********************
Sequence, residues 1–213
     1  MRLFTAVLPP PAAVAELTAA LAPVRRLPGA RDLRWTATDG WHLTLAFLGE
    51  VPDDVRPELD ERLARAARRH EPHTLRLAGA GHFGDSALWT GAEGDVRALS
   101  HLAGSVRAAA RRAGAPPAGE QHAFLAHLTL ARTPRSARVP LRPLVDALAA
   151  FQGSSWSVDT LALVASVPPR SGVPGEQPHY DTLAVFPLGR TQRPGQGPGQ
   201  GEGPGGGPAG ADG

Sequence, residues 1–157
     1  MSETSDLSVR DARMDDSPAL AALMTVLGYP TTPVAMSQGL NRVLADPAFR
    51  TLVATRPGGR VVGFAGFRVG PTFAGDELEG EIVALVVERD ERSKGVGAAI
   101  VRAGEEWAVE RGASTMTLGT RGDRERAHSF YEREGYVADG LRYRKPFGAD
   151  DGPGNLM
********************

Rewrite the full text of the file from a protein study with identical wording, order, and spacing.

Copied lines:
Sequence, residues 1–213
     1  MRLFTAVLPP PAAVAELTAA LAPVRRLPGA RDLRWTATDG WHLTLAFLGE
    51  VPDDVRPELD ERLARAARRH EPHTLRLAGA GHFGDSALWT GAEGDVRALS
   101  HLAGSVRAAA RRAGAPPAGE QHAFLAHLTL ARTPRSARVP LRPLVDALAA
   151  FQGSSWSVDT LALVASVPPR SGVPGEQPHY DTLAVFPLGR TQRPGQGPGQ
   201  GEGPGGGPAG ADG

Sequence, residues 1–157
     1  MSETSDLSVR DARMDDSPAL AALMTVLGYP TTPVAMSQGL NRVLADPAFR
    51  TLVATRPGGR VVGFAGFRVG PTFAGDELEG EIVALVVERD ERSKGVGAAI
   101  VRAGEEWAVE RGASTMTLGT RGDRERAHSF YEREGYVADG LRYRKPFGAD
   151  DGPGNLM